William F. Howe (lawyer)
Life and career
William Frederick Howe was born in Southwark, London, England on 20 August 1828, the eldest of three sons of working class parents: Samuel and Mary Ann Howe. City of London records show that his early career was as a legal clerk but that in 1854 he was convicted with others at the Old Bailey for conspiracy to pervert the course of justice and served a short prison sentence. He then moved to the USA and resumed his legal career, claiming to have been born in Boston, Massachusetts. He became a naturalised American on 19 September 1863 in New York where he founded Howe and Hummel with Abraham Hummel (1849-January 21, 1926). Howe handled most of the firm's criminal work, participating in more than 600 murder trials in the course of his fifty-year career and winning a large but unstated proportion of them. He was noted for his extravagant dress, favouring bright waistcoats and large jewelled rings - although he steadily dressed down as a capital trial progressed, invariably ending it in a funereal suit and black tie. He had a markedly florid rhetorical style, on one occasion delivering an entire summing-up, two hours long, while on his knees before the jury box. One of his most remarked upon talents was an apparent ability to weep at will, although legal historian Sadakat Kadri notes that his frequent opponent Francis L. Wellman "suspected that he used an onion-scented handkerchief to get in the mood". The less extrovert but more intelligent Hummel specialised in civil law and ran the firm's thriving blackmail racket, representing chorus girls and thwarted lovers, threatening married men with exposure and well-off young bachelors with suits for breach of promise of marriage.
At its peak, operating from offices just across the road from NYPD headquarters on Centre Street, Howe and Hummel received fat retainers from a significant proportion of the criminals, brothel-keepers, and abortionists of New York. All 74 madams rounded up during a purity drive in 1884 named Howe and Hummel as their counsel, and at one time the firm represented 23 out of the 25 prisoners awaiting trial for murder in the city's Tombs prison and had an undeclared interest in the twenty-fourth.
Bill Howe's persuasive abilities were the stuff of legend. Perhaps his most notable achievement was to get a client, Ella Nelson, acquitted on a charge of wilful murder. Howe admitted that the girl had been armed with a revolver, but successfully persuaded a jury that her trigger finger had accidentally slipped not just once, but four times in the course of an argument with her married lover.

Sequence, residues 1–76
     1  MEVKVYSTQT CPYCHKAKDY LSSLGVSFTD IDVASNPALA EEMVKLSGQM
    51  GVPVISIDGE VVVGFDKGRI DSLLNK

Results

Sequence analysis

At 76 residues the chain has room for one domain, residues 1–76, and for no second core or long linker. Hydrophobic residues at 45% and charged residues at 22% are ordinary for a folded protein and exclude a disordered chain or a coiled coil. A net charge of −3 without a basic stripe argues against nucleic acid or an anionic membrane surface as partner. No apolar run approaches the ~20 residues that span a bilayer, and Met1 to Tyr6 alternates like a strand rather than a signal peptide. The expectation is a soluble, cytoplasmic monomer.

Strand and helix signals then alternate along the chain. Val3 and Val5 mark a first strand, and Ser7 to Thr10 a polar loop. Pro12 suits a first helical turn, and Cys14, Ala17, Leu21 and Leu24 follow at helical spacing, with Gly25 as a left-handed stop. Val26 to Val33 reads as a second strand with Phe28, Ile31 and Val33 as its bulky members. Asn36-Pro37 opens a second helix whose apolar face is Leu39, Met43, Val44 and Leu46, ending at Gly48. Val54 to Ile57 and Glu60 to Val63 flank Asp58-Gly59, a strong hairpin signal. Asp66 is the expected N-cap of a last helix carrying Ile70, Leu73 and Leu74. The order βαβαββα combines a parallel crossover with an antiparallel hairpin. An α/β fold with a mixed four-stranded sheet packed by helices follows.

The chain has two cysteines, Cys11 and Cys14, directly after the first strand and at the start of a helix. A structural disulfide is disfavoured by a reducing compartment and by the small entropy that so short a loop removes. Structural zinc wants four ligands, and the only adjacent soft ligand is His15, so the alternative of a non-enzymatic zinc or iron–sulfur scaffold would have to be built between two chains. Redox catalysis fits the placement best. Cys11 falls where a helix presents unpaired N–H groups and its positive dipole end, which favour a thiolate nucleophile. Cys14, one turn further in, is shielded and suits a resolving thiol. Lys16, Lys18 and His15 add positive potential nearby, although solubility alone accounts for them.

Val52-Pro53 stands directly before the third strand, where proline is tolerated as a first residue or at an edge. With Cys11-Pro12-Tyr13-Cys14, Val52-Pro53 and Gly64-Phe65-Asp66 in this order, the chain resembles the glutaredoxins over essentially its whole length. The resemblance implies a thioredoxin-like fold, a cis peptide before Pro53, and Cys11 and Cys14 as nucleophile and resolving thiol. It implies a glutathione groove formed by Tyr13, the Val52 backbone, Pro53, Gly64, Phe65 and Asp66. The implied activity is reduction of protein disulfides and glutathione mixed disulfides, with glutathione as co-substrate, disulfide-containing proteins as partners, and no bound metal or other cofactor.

One of Howe's most notorious cases, however, may have been that of John Dolan (a.k.a. Johnny Dolan), convicted in the murder of merchant James H. Noe. Despite a desperate legal to save his life, Dolan went to the gallows on April 21, 1875. New York Times coverage of the case, which riveted New York for several months, identifies one William F. Howe as Dolan's attorney. In a noticeable omission, the Times does not mention Dolan in its obituary for Howe.
Howe and Hummel kept no records, actively courted publicity, and were much discussed in their day among the members of the legal profession. As such, many of the stories told about them have the aura of tall tales. Nevertheless, their decades of effective practise suggest that the partners were among the most effective and innovative attorneys to practice in the United States during the nineteenth century.
The final collapse of the firm came in 1907, five years after Howe's death, when Hummel was convicted in New York of suborning perjury, disbarred, and sentenced to a year in jail. After his release, Hummel left the United States and lived chiefly in Paris. Howe, who died of a heart attack in 1902, married at least three times, once in the United Kingdom and at least twice in the USA. Howe is interred at Green-Wood Cemetery in Brooklyn, New York, though his grave is unmarked. He was survived by two of his wives, one adopted daughter and several grandchildren. There is an extended family still in the UK, descended from his brother Ferdinand who he was close to for his entire life.
- Arthur Train (1908). True Stories of Crime From the District Attorney's Office. New York: Charles Scribners Sons.
- Richard H. Rovere (1948). Howe and Hummel: Their True and Scandalous History. London: Michael Joseph.
- James Morton (2001). Gangland: The Lawyers. London: Virgin
- Sadakat Kadri (2005). The Trial: A History, from Socrates to O.J. Simpson. New York: Random House.
- Francis L. Wellman (1924). Gentlemen of the Jury. New York: Macmillan.
- 'William F. Howe, Dean of Criminal Bar, Dead.' New York Times September 3, 1902, p. 9.
- 'Decadence of New York's Criminal Bar.' New York Times, September 7, 1902, p. 34.
- [Accounts of Ella Nelson trial] New York Herald, June 19, 1891, p. 3 & June 20, p. 4.